John Fund wrote about the future of 20% of the US Economy and over 10% of the population:
Tony Quinn, co-editor of the California Target Book, a nonpartisan analysis of state politics, says that if Democrats retake the governorship after Mr. Schwarzenegger’s departure in 2010, it’s "pretty clear" that they would use their control of the Legislature to push for the mother of all gerrymanders. "Democrats will use their mapmaking power to try to achieve a two-thirds majority in both houses of the legislature, thus wiping out the ability of Republicans to influence budget and tax legislation, which require a supermajority to pass," he wrote in the Los Angeles Times.
The Dems might have the power to do this because of a failure to take up a non-partisan redistricting proposal. So the Gov. has to push it:
He argues the political climate will be different in June 2008 than it was in 2005. Back then less than 70% of Republicans supported the overly complex measure proposed by their own party’s governor. But today Mr. Schwarzenegger’s approval rating is 59%, 25 points higher than in 2005. The Legislature’s approval numbers have hovered around 30% throughout the last three years. At the same time, support for the general idea of taking away the power to draw districts from the legislature has remained popular with voters, who support the general idea by a 3-to-1 margin in most polls.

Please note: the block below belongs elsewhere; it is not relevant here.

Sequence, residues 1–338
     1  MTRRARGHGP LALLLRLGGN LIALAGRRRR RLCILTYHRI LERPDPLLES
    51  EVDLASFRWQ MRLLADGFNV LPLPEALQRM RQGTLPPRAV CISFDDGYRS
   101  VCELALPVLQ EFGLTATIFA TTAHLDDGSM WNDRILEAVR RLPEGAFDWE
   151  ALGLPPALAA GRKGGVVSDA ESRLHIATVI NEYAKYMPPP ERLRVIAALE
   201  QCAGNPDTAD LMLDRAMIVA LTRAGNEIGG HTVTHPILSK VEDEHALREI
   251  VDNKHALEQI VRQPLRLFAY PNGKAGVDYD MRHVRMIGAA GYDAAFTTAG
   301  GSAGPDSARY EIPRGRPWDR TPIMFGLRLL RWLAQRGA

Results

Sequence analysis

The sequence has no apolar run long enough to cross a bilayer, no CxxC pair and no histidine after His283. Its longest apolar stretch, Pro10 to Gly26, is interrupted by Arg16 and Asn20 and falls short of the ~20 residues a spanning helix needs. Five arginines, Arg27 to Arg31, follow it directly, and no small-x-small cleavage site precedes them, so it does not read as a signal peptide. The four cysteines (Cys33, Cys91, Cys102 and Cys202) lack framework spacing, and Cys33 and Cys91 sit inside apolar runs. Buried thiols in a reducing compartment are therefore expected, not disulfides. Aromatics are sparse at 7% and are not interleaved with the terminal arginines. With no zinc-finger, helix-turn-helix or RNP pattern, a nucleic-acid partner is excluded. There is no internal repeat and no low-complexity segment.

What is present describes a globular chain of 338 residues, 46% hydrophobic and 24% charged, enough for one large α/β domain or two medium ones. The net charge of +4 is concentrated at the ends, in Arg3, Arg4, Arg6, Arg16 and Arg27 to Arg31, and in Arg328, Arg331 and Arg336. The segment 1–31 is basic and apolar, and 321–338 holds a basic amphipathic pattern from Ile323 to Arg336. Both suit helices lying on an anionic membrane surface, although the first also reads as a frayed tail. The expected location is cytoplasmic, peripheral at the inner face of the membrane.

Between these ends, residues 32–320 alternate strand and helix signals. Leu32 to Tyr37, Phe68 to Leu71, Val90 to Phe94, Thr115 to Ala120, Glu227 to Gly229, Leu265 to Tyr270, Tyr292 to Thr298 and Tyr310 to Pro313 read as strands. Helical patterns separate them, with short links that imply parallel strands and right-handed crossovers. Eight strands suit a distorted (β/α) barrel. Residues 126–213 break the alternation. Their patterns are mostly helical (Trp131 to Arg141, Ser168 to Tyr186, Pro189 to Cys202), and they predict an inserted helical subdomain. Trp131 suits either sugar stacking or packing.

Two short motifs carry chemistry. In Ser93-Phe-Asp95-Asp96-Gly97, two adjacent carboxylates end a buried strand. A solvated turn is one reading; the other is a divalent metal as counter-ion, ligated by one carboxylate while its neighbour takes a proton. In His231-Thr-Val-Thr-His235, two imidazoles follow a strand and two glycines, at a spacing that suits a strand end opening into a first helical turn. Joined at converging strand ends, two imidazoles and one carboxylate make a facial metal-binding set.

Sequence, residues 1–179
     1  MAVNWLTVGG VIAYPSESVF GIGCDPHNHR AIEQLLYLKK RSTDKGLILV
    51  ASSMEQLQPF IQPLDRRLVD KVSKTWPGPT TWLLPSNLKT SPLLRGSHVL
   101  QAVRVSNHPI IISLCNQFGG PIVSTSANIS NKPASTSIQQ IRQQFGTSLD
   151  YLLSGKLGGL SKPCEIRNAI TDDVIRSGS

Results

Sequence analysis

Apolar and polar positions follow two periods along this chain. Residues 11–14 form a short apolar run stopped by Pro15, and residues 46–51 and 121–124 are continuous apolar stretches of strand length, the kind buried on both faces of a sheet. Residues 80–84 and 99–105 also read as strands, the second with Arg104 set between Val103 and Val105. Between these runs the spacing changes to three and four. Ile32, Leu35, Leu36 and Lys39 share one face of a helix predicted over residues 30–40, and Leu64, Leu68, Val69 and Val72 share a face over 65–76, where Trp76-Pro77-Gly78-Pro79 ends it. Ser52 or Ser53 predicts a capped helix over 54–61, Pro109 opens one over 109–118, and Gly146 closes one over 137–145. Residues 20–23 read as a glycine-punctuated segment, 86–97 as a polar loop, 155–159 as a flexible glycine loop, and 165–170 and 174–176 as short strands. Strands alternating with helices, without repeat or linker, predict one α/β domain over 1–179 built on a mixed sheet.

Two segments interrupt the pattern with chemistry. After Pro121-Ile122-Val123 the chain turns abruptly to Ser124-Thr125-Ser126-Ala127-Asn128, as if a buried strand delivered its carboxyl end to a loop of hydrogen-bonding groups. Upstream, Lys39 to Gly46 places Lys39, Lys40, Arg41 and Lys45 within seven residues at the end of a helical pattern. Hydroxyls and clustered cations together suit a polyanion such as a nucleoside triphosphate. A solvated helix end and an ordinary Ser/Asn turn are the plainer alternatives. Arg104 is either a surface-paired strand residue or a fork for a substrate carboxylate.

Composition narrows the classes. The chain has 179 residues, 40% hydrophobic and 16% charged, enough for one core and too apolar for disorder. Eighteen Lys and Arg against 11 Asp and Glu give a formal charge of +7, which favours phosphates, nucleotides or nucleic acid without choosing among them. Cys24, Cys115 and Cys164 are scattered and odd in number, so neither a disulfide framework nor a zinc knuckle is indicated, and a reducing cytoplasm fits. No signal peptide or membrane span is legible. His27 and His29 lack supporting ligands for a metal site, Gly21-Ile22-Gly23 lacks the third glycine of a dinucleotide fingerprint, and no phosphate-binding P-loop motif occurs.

This failed in 2005 because the Dems spent $250m on fighting the Governor’s proposals. (The Chamber also screwed him. They didn’t want to spend the money) But they can try again. And they should. And Republicans should support this precedent. The rest of the country can’t afford to let California turn dark blue.
Several other states could benefit from this (from a Republican perspective). Illinois, where the Dems are likely to go after Rep. Mark Kirk. Probably New York. On the other hand, Michigan, Pennsylvania, Ohio, and Florida all have partisan gerrymanders that go the other way. It is a mess. But it is probably the right thing to do.